Dining Out

Dining out. In Ohio, when I was six or seven, we did it, once. In my memory there was a Chinese restaurant on 4thstreet, down the block from the Muskingum County Courthouse, slightly below street level. I’m sure it was out of business before I turned eight. I have no memory of the interior, the pork dumplings or the smell of the green tea. But I do know that we went there. Exactly once.

Dining out in Los Angeles is for dates, birthdays, and business meetings. Unless you are young, single, work at WME as a junior agent, live in WEHO and can walk to Sushi, you do not, as a rule, dine out. Yes, we have lunch out on occasion, near the office or studio. But more often than not lunch is “brought in.” There is no enjoyment in the consuming of mid-day sustenance. Since the advent of Uber and Lift dining has become more of a casual option, but old habits go down hard.

In New York, dining out is not a treat or a special occasion. Going to a restaurant is not for birthdays or Saturday nights. Restaurants in New York City are a large and vital part of the social fabric. One does not ask, “What shall we have for dinner?” one asks, “Where shall we go for dinner?”

I once commented to a life long New Yorker that our kitchen was sort of just bolted on to one wall of our apartment. He shrugged and said that most New York kitchens are bolted on to one wall. He now lives in a high rise in Battery Park City and proudly stated that over 300 meals per day are delivered to their concierge desk. Not only do most New Yorkers not cook, they are proud to announce their dubious dysfunction.

Almost immediately following this conversation I spotted a lifestyle article about how a woman had converted her “bolted on kitchen” to her main closet. I think she stored shoes in the oven. There is no end to the excuses to dine out. But there really need be no excuse at all. New York has 26,500 restaurants. The oft-told tale says that if you tried to eat at one per day for the rest of your life that you would never visit them all. And, if you did happen to manage the feat, there are seven new ones coming on line each week.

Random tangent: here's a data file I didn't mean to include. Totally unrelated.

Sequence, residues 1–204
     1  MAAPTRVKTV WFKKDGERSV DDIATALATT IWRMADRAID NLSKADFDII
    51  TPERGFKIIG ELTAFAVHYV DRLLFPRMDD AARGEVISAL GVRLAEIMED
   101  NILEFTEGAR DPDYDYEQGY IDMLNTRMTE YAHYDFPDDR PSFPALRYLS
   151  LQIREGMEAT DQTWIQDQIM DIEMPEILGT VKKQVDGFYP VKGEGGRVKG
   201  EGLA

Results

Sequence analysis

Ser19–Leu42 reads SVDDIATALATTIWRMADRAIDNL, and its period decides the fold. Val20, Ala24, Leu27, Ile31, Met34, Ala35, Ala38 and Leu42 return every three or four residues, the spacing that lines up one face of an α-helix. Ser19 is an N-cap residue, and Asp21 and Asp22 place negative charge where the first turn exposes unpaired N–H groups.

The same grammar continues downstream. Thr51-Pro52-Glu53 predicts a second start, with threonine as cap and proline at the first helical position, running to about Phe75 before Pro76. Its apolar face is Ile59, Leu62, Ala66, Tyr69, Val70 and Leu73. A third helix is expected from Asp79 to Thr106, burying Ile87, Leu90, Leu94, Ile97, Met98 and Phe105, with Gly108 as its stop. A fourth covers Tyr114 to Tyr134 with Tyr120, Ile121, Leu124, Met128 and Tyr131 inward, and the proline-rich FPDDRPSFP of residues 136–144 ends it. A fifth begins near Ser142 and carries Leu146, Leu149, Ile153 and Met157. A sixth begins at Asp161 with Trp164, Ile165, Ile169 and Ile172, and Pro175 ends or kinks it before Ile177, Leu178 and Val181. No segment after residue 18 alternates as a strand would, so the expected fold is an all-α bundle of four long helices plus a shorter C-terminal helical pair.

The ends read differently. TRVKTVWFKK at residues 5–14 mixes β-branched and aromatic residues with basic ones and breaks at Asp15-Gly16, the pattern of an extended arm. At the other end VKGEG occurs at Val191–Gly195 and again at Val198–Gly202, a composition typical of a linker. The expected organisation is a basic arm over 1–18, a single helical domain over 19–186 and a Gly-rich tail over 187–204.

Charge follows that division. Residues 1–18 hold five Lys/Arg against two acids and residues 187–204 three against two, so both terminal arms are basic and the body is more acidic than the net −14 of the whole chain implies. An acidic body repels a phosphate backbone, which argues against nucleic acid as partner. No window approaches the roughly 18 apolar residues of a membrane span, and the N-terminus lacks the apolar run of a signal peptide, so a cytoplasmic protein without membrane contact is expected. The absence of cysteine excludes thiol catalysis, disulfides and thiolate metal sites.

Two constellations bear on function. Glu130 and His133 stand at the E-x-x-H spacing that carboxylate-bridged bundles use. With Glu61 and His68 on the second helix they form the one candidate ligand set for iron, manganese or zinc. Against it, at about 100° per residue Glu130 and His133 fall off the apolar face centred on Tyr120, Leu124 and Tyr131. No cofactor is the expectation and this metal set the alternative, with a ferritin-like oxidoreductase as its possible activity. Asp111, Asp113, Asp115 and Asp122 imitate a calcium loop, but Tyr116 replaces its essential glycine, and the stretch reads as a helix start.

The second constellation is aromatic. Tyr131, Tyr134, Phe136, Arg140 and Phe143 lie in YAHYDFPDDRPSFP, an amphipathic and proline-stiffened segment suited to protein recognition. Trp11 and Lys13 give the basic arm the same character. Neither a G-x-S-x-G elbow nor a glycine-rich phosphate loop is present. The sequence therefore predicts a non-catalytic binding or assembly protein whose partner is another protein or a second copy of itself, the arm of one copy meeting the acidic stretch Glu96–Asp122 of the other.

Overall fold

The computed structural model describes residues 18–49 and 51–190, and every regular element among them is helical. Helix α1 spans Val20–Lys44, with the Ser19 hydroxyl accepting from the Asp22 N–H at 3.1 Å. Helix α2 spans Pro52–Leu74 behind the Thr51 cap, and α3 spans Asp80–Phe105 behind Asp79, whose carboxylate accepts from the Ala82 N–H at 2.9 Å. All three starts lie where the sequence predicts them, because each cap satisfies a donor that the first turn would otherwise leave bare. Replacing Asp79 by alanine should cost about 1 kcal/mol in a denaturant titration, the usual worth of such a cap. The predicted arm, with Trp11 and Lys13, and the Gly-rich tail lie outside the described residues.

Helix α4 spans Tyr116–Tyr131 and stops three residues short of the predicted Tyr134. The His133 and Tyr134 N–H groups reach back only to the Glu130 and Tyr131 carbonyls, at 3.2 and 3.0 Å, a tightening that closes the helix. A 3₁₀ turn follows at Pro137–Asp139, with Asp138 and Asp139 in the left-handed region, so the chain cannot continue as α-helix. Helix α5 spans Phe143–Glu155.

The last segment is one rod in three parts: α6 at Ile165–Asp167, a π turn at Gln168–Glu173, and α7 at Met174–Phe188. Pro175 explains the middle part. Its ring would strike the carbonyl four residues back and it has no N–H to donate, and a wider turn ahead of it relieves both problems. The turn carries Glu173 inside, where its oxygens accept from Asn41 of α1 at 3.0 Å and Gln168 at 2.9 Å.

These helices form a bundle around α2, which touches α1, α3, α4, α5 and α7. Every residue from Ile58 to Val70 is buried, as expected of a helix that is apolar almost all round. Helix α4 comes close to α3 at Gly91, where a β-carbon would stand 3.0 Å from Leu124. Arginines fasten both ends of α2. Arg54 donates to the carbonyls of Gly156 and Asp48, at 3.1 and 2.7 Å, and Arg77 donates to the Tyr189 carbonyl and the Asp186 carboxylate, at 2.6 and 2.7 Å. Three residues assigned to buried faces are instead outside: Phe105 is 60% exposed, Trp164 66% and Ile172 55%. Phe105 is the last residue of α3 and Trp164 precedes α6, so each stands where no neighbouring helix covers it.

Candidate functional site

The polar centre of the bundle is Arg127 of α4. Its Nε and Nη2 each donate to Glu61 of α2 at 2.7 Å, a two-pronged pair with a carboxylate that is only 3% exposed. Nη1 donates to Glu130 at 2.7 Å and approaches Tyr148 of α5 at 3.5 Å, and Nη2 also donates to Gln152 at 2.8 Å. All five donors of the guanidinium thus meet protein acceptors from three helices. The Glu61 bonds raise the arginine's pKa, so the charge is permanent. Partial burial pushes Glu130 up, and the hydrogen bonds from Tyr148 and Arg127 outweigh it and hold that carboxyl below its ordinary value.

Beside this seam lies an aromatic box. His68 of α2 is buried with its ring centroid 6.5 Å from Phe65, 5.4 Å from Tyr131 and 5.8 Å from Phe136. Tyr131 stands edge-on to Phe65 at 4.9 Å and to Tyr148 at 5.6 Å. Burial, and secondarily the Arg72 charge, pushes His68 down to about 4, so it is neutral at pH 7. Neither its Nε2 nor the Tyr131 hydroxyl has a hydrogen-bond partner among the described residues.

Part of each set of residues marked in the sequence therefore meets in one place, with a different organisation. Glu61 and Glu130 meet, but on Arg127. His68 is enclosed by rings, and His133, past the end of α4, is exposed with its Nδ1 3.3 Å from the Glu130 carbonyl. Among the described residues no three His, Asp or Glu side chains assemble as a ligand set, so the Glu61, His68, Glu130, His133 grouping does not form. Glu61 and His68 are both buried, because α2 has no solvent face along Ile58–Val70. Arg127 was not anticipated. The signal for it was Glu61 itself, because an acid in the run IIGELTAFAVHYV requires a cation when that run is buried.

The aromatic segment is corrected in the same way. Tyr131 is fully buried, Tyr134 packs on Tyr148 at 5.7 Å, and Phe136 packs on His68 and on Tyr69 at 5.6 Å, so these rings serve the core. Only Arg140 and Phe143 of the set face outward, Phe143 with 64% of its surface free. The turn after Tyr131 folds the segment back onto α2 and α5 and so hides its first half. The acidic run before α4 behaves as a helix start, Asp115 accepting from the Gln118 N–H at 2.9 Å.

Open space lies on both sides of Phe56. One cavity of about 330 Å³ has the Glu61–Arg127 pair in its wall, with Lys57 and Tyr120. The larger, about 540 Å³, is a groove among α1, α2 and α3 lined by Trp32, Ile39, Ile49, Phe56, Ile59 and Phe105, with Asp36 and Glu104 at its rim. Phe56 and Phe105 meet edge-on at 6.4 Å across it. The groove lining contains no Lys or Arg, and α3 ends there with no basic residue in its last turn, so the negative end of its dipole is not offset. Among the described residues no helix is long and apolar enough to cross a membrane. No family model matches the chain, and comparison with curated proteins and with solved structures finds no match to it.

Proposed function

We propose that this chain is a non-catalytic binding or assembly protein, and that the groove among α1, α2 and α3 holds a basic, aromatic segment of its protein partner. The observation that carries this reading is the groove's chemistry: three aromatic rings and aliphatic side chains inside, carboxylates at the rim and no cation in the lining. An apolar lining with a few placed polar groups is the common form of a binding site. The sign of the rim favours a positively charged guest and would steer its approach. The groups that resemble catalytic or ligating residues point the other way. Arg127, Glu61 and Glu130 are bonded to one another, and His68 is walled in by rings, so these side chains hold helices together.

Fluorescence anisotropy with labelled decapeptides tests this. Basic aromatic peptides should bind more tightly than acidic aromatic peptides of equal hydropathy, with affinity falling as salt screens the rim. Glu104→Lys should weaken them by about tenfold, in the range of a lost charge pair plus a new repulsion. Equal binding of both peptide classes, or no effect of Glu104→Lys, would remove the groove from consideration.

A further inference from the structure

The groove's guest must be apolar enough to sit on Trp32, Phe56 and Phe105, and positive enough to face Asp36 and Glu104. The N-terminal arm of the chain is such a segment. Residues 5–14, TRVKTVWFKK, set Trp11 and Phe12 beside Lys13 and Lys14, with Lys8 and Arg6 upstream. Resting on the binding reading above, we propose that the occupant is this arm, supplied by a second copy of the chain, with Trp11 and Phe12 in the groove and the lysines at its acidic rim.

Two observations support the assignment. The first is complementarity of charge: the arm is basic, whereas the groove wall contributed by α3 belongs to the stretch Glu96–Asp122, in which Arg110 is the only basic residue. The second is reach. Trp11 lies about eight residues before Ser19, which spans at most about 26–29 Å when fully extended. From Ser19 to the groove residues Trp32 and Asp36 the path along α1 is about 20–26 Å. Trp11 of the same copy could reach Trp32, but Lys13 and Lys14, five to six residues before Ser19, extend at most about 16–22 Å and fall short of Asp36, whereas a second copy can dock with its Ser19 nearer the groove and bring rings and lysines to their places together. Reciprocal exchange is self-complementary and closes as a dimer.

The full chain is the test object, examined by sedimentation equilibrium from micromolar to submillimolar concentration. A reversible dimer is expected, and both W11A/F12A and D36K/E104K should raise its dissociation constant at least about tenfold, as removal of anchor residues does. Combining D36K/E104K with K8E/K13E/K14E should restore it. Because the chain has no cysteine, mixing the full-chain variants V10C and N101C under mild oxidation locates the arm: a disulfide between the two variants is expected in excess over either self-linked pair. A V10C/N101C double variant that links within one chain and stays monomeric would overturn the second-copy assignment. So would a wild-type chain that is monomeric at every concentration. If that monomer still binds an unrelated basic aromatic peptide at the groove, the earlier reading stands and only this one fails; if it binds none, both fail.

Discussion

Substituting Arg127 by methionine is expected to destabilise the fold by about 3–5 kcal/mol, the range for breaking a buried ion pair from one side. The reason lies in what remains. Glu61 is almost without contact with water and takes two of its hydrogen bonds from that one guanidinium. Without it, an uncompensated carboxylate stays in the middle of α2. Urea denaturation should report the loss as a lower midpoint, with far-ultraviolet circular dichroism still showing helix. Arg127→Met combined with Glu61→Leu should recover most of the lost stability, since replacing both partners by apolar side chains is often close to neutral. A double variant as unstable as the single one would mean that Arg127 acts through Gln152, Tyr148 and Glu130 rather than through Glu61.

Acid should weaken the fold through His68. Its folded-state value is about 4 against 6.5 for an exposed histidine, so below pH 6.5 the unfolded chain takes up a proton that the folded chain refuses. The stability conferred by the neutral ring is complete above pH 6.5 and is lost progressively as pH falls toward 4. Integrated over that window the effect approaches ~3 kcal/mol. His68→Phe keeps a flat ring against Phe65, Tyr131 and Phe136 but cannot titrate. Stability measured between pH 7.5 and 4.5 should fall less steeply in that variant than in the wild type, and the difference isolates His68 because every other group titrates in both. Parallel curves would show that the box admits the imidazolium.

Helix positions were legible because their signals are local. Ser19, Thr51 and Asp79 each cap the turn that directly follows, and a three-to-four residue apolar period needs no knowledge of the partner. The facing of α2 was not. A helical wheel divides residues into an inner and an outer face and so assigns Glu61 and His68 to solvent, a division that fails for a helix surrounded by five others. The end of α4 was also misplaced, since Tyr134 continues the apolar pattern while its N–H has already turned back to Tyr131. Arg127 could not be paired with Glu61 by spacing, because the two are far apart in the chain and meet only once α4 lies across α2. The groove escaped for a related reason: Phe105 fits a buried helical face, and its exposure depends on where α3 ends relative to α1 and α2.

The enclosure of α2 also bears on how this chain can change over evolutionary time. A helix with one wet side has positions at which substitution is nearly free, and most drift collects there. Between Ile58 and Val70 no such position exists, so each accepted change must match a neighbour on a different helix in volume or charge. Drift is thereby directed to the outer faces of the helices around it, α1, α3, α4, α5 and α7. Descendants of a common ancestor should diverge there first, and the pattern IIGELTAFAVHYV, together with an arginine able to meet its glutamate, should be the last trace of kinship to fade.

There are multiples of 1,2 and 3 Michelin Starred restaurants lining the streets of mid-town, towering over Columbus Circle and hiding in the West Village, East Village, SoHo and Tri-Beca. Mom and pop, or pop and pop, or mom and mom restaurants dot every avenue, speckle the streets of Harlem and support the lives of most of Brooklyn, the Bronx and Queens. The restaurants aren’t just there for the lazy media buyer or the Bridge and Tunnel theatregoer; they are an urban eco-system that sustains the lives of everyone that crosses their thresholds. Bus boys, waiters, chefs, customers, neighbors, suppliers, butchers and fishmongers, or in terms that every New Yorker understands: family.

I refuse to mourn the shrinking stock market, or the greedy landlords missing a few months rent, but if we lose even one restaurant in this unfortunate health crisis, we should all bow our heads and say a quiet word of thanks. Then every last one of us needs to go to our local and order everything we can afford, tip too much and buy the owner a drink. Because, if he or she got it together to open again, you can rest assured that everything that he or she has is on the line. Don’t ever take these folks for granted. In New York anyway, they are family.